Citing discomfort with singling out a particular industry to regulate, members of the Howard County Planning Board voted Thursday to deny a request by a group of local gas station owners that would have placed restrictions on where new gas stations in the county could be located.
But they said they wanted the discussion to continue.
"I'm of the opinion that this needs a lot more study," board member Bill Santos said before the three members at the meeting voted unanimously to oppose the amendment. The board's fourth member, Phil Engelke, couldn't attend but sent a letter opposing the request.
The amendment, submitted by the Howard County Independent Business Association, would have changed county zoning regulations to require proof of "reasonable public need" for any new gas stations in the county.
New gas station structures would have also been required to keep a distance of at least 1,000 feet from schools, parks, playgrounds, daycare centers and environmentally sensitive areas. Currently, the setback for gas stations is 30 feet.
Representatives for the HCIBA argued that changing industry norms necessitated an updating of the guidelines for county planners. If bigger chains force small gas stations out of business, they said, the result would be blighted properties that are harder to develop due to environmental and safety concerns.
"As part of the overall planning for any jurisdiction, it is definitely appropriate for this body... to make decisions that pertain to public safety," HCIBA attorney Earl Adams Jr. told the board. "As part of the general plan process, there was an acknowledgment that the gas station industry had changed... All we are proposing is to account for the changes and the differences."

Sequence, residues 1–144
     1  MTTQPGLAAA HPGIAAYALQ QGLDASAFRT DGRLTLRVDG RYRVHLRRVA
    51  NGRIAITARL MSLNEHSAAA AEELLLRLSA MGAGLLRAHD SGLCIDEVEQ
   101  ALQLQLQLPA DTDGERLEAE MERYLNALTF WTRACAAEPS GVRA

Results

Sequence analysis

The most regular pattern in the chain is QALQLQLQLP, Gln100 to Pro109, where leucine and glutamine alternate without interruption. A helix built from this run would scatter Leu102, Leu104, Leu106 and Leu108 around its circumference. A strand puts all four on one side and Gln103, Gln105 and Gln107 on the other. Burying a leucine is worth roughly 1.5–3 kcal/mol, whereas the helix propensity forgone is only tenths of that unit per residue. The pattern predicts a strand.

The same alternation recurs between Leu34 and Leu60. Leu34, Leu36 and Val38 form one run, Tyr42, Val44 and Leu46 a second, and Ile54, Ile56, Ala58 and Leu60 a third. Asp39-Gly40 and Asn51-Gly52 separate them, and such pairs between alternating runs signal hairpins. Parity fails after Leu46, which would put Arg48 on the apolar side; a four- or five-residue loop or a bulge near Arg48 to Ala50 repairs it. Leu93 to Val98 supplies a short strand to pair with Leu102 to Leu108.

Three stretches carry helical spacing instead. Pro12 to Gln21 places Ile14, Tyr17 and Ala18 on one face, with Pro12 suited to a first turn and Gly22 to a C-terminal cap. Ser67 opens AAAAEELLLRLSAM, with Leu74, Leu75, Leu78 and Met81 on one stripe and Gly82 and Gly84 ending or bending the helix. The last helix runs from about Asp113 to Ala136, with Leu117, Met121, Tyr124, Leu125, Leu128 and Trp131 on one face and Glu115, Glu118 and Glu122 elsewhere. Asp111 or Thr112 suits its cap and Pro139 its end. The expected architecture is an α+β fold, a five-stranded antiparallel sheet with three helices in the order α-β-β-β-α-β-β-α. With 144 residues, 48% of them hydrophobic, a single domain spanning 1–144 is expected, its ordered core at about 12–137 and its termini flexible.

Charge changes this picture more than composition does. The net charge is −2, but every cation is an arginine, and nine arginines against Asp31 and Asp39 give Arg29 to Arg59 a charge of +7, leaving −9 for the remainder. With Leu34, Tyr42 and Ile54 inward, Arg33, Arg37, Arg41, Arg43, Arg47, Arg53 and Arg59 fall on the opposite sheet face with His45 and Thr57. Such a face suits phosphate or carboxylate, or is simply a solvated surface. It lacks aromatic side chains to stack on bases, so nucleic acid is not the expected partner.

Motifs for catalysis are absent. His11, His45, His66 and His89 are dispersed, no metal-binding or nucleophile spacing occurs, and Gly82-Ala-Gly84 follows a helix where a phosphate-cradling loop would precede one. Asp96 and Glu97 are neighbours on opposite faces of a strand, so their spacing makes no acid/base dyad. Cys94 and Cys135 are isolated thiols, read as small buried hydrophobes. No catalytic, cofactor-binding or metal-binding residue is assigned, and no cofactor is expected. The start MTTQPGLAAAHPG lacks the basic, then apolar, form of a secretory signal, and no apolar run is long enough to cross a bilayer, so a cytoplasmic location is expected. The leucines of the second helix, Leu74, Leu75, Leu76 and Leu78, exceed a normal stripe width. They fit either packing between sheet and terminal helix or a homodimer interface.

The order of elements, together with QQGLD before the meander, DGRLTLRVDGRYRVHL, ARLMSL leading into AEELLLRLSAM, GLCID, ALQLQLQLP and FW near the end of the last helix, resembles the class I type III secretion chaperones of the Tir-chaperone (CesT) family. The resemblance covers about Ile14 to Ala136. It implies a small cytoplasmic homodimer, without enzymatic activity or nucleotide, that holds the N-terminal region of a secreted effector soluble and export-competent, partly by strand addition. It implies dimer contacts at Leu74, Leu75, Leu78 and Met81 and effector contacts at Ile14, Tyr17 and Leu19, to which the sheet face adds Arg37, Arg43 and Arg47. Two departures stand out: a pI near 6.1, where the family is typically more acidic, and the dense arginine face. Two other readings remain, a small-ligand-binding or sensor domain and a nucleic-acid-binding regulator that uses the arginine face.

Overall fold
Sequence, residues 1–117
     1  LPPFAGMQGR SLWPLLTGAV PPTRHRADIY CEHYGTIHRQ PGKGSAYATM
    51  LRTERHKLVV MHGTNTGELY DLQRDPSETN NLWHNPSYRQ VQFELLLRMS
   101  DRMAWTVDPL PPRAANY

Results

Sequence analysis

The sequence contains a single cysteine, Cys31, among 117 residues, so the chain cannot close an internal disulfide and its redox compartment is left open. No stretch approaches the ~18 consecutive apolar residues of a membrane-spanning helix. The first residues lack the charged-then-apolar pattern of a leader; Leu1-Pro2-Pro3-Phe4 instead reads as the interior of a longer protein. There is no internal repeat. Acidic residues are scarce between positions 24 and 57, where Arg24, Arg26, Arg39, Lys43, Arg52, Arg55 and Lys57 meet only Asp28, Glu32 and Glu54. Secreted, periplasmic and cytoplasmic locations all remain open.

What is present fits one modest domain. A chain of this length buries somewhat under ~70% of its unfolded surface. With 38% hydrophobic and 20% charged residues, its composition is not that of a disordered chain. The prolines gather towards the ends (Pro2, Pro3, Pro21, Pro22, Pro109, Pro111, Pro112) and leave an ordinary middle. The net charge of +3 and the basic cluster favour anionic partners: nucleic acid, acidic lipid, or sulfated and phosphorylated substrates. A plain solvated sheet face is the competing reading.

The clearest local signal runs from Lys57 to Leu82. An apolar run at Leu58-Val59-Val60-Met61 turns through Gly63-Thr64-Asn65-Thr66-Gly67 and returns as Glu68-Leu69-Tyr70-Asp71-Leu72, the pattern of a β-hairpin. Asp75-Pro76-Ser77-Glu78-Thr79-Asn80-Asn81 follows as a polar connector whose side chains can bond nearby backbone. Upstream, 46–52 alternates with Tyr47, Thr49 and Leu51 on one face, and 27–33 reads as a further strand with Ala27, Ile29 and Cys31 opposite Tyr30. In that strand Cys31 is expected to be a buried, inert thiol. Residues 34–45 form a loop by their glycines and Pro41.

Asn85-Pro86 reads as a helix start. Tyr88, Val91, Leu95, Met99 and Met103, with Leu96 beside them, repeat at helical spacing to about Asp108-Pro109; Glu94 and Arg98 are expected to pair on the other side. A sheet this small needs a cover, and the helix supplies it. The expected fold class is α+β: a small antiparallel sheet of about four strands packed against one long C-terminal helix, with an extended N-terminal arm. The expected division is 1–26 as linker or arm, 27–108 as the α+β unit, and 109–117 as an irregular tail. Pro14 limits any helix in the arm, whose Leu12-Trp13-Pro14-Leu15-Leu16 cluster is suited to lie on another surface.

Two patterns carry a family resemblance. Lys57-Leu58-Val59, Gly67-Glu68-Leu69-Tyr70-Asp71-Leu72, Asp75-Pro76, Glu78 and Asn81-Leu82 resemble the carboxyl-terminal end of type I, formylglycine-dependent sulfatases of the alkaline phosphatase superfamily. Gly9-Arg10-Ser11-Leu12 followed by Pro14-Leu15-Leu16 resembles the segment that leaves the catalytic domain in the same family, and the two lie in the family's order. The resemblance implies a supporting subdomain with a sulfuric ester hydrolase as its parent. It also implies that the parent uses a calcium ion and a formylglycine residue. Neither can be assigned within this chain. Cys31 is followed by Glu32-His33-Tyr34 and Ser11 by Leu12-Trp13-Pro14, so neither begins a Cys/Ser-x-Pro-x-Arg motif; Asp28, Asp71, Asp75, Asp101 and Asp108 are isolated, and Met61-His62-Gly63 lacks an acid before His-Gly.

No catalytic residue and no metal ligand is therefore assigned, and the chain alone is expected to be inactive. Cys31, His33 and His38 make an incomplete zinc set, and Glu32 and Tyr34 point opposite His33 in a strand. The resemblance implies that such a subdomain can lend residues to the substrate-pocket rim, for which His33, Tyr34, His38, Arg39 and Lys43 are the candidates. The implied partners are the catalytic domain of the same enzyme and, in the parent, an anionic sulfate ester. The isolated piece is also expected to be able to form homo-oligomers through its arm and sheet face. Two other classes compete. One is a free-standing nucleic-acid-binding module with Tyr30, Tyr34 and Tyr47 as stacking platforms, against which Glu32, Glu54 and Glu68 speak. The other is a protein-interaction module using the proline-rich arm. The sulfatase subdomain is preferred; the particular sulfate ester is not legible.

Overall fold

But Sang Oh, the attorney for a group of prospective gas station owners headed by Royal Farms, said creating detailed restrictions about where gas stations can be located was outside the purview of the Planning Board, which normally hears each request on a case-by-case basis.
"I think it's very different on a legislative scale to put down a rule," Oh said. "That's the entire nature of a conditional use."
But as the county moves ahead with redevelopment of Columbia's downtown, some board members expressed concern that shuttered gas stations in the city's village centers could create problems down the road.
"It will just be one more problem they have to overcome," board chair Josh Tzuker said. "A gas station is not like a shoe store going out of business. There are a lot of things that have to be considered."
Though Tzuker voted with Santos and board member Jacqueline Easley to deny the request, he said he would supplement his decision with written comments raising the issue of blight in village centers as well as suggesting that new gas stations be located closer to interstate exits, to accommodate travelers stopping for fuel.